Let's call the (pre-tax) value of EPHI, B (for benefits); for an employer paying 75% of the average HI premium of $12,000, the value of B would be B=$9,000, with the rest of the premium being paid for out of cash compensation by the employee. Let's call the pre-tax amount of cash compensation C; as a concrete example, I'll use the value C=$50,000. For the moment, I will ignore the fact that we have progressive taxation and assume that there is a single tax rate, T. I'll also assume that employees place a value of exactly one dollar on each dollar spent on EPHI. All of the above assumptions are empirically wrong, but making them will simplify the discussion, and I'll return to them below.

An employer's cost of paying an employee C in cash and B in benefits is C+B, or $59,000 in our example. This means that an employer is equally happy paying $59k in cash or $50k cash plus $9k in HI. If there were no EPHI subsidy and no risk-pooling gains from purchasing HI through employers, then our employer in this example could just as well pay $59k cash and continue to attract the same workers.

Now, the pre-tax value to workers of the 50cash+9fringe package is higher than $59k. To see why, note that under the current system, the value of *after*-tax compensation is in our concrete example is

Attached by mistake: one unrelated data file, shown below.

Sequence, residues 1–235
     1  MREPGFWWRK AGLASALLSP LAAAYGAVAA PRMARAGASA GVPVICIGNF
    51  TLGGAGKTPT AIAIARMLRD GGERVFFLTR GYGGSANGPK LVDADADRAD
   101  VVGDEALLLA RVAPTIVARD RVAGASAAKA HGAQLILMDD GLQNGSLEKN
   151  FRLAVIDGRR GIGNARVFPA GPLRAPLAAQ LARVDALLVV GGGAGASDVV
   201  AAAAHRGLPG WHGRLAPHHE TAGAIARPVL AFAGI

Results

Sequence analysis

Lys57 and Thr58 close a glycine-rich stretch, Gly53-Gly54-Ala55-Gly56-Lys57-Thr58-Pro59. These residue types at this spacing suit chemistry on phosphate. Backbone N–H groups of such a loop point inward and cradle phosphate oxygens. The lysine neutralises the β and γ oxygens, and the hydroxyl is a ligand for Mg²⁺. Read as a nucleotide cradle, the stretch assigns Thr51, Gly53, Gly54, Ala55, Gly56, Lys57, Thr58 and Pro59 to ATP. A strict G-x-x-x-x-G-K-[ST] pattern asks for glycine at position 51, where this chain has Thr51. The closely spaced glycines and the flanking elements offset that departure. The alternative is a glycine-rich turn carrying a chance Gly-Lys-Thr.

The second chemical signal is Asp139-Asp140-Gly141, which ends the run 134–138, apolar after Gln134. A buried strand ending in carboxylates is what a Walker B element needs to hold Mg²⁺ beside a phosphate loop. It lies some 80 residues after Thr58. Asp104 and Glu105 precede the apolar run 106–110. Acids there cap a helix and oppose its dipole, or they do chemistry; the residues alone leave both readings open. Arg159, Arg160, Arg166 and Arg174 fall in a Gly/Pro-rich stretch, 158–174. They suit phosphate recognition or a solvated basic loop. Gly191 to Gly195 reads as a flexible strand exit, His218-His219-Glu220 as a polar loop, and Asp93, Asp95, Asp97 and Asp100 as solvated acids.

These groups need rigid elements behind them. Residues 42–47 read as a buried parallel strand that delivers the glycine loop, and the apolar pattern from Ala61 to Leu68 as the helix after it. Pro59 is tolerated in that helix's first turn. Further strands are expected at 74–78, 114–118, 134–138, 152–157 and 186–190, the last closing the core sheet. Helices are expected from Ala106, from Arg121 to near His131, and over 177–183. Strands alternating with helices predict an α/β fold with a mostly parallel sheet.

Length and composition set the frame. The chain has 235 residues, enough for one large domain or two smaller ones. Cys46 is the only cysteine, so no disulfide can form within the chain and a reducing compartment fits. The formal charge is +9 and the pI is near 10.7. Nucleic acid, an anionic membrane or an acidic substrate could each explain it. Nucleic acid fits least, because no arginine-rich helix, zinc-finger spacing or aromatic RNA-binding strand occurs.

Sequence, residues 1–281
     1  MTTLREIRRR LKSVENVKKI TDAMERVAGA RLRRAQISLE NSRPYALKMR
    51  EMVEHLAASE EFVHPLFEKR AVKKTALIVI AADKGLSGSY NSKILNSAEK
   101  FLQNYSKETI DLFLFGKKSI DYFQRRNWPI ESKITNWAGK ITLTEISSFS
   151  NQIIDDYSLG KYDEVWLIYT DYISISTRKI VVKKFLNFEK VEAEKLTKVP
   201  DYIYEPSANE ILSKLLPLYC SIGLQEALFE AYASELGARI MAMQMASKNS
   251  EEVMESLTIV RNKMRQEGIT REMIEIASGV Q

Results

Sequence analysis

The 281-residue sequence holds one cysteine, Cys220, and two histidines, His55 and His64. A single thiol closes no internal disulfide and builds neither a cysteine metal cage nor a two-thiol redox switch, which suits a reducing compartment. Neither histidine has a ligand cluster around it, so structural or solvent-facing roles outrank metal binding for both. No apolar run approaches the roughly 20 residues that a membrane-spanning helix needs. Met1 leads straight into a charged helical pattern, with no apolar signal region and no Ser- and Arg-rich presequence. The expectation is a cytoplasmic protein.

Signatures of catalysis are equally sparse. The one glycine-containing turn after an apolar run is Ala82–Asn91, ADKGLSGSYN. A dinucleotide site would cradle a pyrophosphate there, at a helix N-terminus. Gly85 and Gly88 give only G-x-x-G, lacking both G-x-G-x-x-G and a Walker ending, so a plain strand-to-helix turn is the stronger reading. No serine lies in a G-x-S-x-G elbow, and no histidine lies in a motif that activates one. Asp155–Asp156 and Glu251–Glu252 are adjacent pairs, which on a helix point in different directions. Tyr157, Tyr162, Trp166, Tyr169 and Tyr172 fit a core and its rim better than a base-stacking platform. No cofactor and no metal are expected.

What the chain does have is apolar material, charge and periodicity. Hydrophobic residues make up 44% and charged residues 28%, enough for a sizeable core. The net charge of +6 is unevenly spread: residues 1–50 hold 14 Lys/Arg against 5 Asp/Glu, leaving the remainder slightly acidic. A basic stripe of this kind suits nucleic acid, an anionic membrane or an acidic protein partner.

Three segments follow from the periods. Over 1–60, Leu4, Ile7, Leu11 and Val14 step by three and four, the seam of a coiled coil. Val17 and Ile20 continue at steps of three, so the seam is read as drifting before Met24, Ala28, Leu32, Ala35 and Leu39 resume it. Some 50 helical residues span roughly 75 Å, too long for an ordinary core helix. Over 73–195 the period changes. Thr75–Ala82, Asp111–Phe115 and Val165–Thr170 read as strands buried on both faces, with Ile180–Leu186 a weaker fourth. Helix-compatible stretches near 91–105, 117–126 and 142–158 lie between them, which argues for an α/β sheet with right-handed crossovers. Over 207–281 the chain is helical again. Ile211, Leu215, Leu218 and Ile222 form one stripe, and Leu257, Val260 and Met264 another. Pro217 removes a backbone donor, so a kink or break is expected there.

(1)        A = (1-T)*$47,000 + $12,000

The taxable compensation here is $47,000 because workers must pay tax on only the part of cash compensation that isn't spent on EPHI, i.e., $50,000-$3,000=$47,000. The $12,000 part in equation (1) arises because that's the value of the EPHI plan ($9,000 comes directly from the employer, and $3,000 is paid by the employee out of pre-tax compensation).

Now consider a company that paid only cash, i.e., made no employer contributions to EPHI, so that B=0 for this employer. Imagine that employees have access to the very same plan that they did above, but they have to pay for it out of pocket, with no tax subsidy. If this company paid the worker $50,000, then the value of the worker's after-tax compensation would be only (1-T)*$50,000, which is less than A in equation (1) as long as the tax rate is greater than 0 (which it is).

The proper inference to draw from this example is that a company that didn't want to pay for HI would have to pay a higher salary to its workers. If it didn't, it would not be able to attract workers of the same quality. The next question is, What is the amount of fully taxable cash compensation, C', that would leave a worker exactly as well off as if she received A in equation (1)? To answer this, we simply set

(1-T)*C' = (1-T)*$47,000 + $12,000

and solve for C'. The answer is that

(2) C' = $47,000 + $12,000/(1-T).